Print Edition - 2018-08-29  |  The Collegian


- Saurav R Pandey

Aug 29, 2018-

Even when everyone seems to be clear about the consequences of breaking the law, people somehow eventually end up breaking it. To put that into perspective, right from Gandhi’s defiance of British colonial laws over the empire’s monopoly to Martin Luther’s movement for civil rights, rules have always been broken. Hence the confounding question, which is as old as Socrates, remains, “When is it justified for a citizen to act as his own legislator and decide that he will or won’t obey the given law?” While this question may have different answers, I believe that we citizens should be able to differentiate between good and evil.  This is to say, if the laws need to be broken for the right cause even with hard consequences, breaking the law can be justified. And if the law protects a society from crime and criminals, it should be complied with.

Martin Luther King once said, “Freedom is never voluntarily given by the oppressor; it must be demanded by the oppressed,” implying that individuals who are the members of privileged groups in the society rarely want to give up their privilege willingly. Thus, breaking the law becomes a necessity and can be justified because one cannot simply endure such unjust law. On the other hand, laws are destined to be perceived faulty by some, and to bring about a change or correct the incorrect, laws must be broken. For example, during the late 18th century African-American citizens were discriminated and neglected from civil rights and voting rights. For this reason, to bring about change, Martin Luther king initiated the 1950s civil rights movement and thereby breaking the law he ended the legal segregation of the African-American citizens. Breaking law here also led to the creation of the Civil Rights Act of 1964 and the Voting Rights Act of 1965. Likewise, American War of Independence and Indian National Movement are also some of the instances of people going against the law to fight for their own rights.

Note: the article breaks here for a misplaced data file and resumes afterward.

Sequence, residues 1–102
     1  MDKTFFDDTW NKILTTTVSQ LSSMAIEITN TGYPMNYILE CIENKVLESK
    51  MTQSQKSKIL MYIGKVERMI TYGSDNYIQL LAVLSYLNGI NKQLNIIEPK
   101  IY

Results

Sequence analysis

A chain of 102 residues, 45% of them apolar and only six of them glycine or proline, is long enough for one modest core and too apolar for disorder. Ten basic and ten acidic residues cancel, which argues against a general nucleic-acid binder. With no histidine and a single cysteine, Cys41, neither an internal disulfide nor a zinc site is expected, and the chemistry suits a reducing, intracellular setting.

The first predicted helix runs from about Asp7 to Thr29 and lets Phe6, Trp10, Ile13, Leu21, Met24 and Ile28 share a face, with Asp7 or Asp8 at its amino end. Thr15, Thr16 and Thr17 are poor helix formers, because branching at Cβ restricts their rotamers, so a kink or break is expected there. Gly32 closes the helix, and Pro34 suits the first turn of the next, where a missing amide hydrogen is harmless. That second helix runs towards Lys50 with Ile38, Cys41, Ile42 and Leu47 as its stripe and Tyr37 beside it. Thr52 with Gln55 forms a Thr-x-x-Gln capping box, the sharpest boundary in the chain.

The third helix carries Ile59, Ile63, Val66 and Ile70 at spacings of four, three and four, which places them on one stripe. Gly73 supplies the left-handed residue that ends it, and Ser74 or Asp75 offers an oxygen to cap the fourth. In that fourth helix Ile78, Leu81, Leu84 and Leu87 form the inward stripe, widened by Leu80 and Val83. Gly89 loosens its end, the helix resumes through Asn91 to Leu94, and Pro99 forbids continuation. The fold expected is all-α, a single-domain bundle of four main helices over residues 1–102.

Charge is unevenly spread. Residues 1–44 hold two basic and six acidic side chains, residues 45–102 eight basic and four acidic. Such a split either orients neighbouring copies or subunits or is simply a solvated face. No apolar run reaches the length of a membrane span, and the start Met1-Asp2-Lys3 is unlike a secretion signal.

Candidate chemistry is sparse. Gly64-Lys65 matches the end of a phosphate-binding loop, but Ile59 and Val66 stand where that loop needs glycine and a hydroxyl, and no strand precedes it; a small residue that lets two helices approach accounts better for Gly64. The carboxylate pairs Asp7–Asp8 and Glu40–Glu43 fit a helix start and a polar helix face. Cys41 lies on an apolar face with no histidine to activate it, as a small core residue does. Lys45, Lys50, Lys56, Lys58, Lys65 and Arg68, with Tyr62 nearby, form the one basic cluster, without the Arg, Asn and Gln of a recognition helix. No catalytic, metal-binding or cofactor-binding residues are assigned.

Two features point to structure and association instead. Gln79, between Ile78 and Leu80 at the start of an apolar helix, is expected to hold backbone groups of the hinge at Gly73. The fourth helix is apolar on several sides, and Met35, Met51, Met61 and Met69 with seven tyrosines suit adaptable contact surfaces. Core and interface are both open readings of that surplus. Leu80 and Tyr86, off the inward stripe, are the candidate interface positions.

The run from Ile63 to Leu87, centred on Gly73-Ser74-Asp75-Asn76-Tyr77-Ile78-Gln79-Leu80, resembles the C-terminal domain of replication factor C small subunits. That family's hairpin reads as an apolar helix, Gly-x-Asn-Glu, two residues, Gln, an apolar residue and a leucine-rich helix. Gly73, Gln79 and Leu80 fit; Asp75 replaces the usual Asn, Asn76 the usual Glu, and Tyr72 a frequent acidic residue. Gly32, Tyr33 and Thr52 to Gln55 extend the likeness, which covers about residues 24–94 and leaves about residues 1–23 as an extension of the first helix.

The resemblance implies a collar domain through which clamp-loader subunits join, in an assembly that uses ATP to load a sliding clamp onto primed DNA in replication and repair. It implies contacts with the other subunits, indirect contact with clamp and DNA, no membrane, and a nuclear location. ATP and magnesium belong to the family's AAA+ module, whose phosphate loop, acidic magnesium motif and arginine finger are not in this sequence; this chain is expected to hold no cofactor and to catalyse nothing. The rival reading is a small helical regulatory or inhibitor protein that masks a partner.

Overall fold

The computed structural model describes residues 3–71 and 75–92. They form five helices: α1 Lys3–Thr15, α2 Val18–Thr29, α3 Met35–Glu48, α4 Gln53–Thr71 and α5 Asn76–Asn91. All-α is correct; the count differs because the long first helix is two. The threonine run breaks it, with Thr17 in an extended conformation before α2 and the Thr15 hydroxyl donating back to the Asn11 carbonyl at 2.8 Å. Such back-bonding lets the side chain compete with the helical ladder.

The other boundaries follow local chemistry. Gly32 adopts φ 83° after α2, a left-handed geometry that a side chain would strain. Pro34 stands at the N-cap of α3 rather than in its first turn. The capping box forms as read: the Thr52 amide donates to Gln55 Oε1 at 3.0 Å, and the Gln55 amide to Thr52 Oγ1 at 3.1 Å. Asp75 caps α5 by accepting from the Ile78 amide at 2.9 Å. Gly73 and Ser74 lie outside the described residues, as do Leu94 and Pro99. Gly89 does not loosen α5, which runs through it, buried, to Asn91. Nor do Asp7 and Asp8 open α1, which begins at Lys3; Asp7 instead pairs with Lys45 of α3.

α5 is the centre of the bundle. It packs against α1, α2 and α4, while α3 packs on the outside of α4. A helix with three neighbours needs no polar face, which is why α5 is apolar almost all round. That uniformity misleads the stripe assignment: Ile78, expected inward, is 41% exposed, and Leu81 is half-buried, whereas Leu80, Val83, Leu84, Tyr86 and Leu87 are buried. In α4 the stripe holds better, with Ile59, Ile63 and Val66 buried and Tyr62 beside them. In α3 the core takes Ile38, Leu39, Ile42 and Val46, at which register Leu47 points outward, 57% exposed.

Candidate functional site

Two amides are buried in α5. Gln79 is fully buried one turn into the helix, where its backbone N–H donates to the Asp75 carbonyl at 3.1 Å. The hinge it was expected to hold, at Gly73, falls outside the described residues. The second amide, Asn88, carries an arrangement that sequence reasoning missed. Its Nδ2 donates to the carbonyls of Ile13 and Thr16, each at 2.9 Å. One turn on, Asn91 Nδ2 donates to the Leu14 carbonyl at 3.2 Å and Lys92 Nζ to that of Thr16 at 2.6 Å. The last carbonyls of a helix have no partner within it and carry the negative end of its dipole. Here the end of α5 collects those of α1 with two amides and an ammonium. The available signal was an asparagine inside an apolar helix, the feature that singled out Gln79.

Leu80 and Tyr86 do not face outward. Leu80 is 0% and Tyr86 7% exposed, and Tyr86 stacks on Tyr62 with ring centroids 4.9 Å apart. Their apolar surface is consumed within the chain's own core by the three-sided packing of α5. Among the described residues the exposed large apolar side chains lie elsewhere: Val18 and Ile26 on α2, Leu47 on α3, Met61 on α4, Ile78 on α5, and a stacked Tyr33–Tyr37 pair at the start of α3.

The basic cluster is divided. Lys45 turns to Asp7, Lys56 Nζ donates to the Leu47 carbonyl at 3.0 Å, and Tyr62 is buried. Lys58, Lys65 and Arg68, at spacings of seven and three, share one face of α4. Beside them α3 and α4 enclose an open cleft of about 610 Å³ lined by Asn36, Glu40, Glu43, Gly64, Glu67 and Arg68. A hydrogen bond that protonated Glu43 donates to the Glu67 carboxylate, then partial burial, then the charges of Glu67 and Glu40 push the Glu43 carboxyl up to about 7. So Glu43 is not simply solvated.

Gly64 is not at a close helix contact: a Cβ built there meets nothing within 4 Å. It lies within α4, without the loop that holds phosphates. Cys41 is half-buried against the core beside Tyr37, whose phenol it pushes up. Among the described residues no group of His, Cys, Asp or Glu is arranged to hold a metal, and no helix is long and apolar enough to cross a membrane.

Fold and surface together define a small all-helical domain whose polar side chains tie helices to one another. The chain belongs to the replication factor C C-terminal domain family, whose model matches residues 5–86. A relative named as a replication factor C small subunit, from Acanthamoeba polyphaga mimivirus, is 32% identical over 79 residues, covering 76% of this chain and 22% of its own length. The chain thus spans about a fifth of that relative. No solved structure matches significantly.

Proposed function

Sometimes people break the law not because they don’t know the consequences but because of the greater law they follow: the law of morality. Whether it is through civil disobedience, vigilantism or through eco-terrorism, one cannot be content to obey those laws that are morally wrong. Moreover, one has a moral responsibility to disobey the unjust laws, and to do so, such laws must be broken. The White Rose, a non-violent group in Nazi Germany, broke several laws and went for active opposition to Dictator Adolf Hitler’s regime since their conscience told them that killing Jews was wrong and that it was unjust. They followed their hearts and let their own voices lead them instead of the voices imposed on them.

But is every law broken justifiable? Definitely not! If everyone started breaking laws just because they thought that they had a good reason, the society would be in chaos.


- Pandey is an A-levels graduate from Rato Bangala School

Published: 29-08-2018 08:02

User's Feedback

Click here for your comments

Comment via Facebook

Don't have facebook account? Use this form to comment